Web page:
So How Is Telling People Not to Vote a Scam?

Now why would I go to all this trouble in expressing a counter-opinion, particularly since I'm not the biggest voting advocate to begin with? To answer that, I'd ask a counter-question: why do so many people who disagree with voting put so much energy and aggression into this particular nuance of an anarchist perspective? Obviously one can't know the individual motivations of every single person acting in this way, but where there's a pattern, you can start to infer some ulterior motives. At the very least I can lay down some key reasons why someone would do something like this.

Definition of a scam

Merriam-Webster defines a scam as "a fraudulent or deceptive act or operation" and the act of scamming people as "to obtain (something, such as money) by a scam". I outlined above the reasons why categorizing voting absolutely as both ineffective and immoral is demonstrably false. Now, what would someone stand to obtain through perpetuating this deception? Well, a few key things come to mind.

Anarcho-pundits make money off of the delusion

As always, whenever something doesn't initially seem to make a lot of sense, it helps to follow the money. When it comes to disposable funds that libertarians have on hand to donate to causes they believe in, the bigger the chunk of the pie that's taken up by campaigns and political action efforts, the less remains for podcasters, authors, bloggers, and other pundits. Now I know there isn't perfect overlap in donor bases between the two categories, but there is still competition, and when deciding between funding doers and talkers, it stands to reason that doers would tend to win out more of the time. What better way to damage the competition than by convincing your customers that it's evil to take their contributions elsewhere?

This also explains quite well why the infrequent activity of voting receives disproportionate attention and shaming compared to all the other various forms of interacting with the state including paying taxes, registering vehicles/businesses/guns, applying for permits and licenses, keeping children in the public education system, and, of course, using government-controlled and mandated currency. Especially that last one. It makes a ton of sense to focus heavily on deriding the one element of government participation that can most directly hurt your bottom line, while remaining conveniently understanding when supporters are only able to contribute via fiat money. Will you say no to my Patreon subscription in order to stay ideologically pure? Yeah, I thought not.

Anarcho-slackers get a convenient excuse

You don't have to monetarily profit from publicly proclaiming your opposition to voting in order to still have strong motivations to do so. You could also simply want to espouse pro-freedom ideas while finding a convenient moral excuse to preclude yourself from the most accessible means of doing something about it. In other words, if you don't vote but very loudly tell people how immoral it is, you can avoid being criticized for not doing anything to further the free society you insist that you desperately want. For bonus points, convince yourself that not voting is actually a form of activism, and that you're actively hastening the demise of the state. Which you aren't. It's pretty low to scam people into giving you a break for being a hypocrite, yet some people do it.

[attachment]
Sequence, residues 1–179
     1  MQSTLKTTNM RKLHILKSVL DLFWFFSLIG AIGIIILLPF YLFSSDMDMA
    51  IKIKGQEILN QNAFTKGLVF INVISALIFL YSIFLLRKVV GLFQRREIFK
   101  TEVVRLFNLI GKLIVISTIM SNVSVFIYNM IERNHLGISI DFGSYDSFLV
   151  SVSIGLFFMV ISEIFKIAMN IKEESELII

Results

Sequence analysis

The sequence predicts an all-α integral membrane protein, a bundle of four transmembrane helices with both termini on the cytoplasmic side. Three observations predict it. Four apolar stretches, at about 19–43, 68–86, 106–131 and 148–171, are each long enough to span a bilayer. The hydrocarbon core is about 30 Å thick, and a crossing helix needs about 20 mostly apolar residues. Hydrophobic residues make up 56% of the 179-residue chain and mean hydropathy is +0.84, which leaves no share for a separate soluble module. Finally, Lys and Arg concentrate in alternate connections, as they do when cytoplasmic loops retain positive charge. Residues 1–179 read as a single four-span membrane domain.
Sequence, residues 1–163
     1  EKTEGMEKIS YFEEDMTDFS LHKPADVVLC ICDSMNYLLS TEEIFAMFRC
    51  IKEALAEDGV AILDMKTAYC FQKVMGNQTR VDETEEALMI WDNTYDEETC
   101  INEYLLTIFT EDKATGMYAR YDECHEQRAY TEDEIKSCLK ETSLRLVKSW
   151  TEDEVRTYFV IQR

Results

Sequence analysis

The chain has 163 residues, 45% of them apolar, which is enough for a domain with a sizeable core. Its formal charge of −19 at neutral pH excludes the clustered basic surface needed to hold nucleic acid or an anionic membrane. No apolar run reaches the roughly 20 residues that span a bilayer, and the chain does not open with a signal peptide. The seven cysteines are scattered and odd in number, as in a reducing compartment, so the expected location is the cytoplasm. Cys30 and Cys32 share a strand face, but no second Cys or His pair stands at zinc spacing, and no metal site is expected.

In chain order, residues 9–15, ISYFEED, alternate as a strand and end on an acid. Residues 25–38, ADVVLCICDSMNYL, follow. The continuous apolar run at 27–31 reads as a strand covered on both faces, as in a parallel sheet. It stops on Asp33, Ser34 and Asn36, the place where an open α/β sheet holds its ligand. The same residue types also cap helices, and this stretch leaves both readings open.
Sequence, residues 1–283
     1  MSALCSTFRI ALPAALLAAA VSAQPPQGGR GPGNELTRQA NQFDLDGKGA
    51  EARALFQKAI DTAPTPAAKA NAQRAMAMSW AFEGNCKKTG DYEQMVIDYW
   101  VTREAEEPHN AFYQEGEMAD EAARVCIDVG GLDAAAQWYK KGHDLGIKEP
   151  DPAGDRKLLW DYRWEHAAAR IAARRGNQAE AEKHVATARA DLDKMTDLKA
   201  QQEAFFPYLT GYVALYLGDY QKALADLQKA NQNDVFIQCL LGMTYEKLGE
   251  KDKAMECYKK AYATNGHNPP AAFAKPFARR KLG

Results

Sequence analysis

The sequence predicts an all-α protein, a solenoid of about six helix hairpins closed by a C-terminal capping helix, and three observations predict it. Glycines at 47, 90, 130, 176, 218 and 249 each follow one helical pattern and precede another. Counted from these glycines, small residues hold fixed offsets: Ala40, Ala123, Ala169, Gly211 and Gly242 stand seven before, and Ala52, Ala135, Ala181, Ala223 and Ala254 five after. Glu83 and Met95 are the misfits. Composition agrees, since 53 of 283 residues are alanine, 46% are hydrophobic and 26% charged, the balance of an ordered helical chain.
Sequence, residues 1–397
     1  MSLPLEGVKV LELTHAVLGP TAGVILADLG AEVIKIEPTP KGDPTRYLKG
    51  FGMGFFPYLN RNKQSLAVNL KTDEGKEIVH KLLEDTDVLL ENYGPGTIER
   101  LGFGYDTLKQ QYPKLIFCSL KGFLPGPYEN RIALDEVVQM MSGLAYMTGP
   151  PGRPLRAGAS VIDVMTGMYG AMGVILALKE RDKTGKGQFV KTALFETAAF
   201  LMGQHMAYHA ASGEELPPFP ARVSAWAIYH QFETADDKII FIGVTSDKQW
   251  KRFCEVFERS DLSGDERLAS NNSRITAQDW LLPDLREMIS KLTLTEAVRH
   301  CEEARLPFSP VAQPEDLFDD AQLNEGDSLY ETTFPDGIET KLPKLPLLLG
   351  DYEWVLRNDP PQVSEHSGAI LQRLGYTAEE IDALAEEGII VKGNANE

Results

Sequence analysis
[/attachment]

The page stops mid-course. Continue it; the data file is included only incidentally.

State-employed actors neutralize the opposition

Now we get into full conspiracy territory, and trust me, I'm not assuming anyone (especially anyone in particular) is an enemy agent of sorts. But think about it: if a powerful institution like the state fears a group of people who ideologically oppose its existence, wouldn't it be in their best interests to trick them into doing absolutely nothing about their convictions? Or, in absence of that, wouldn't the state want its detractors to abandon the only "official/legitimate" channel of dissent so that their concerns are more easily ignored? In fact, a regime seeking to remain in power must retain some semblance of legitimacy, and keeping the opposition from being represented in the democratic process (and avoiding the embarrassing and dangerous act of having to steal or manipulate the electoral process) does that quite well. Any good tyrant wrangling with a semi-democratic system should allocate some budget towards funding controlled opposition advocating against voting. I sure would.

Vote. Or don't. However you choose to exert your fullest practical effort towards the reduction and eventual dissolution of the state is none of my business. I'd only encourage you to study how to win, as you owe it to your philosophy. But when you start taking an absolute hard line against voting, my scam alarm bells start to go off.

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Written by   10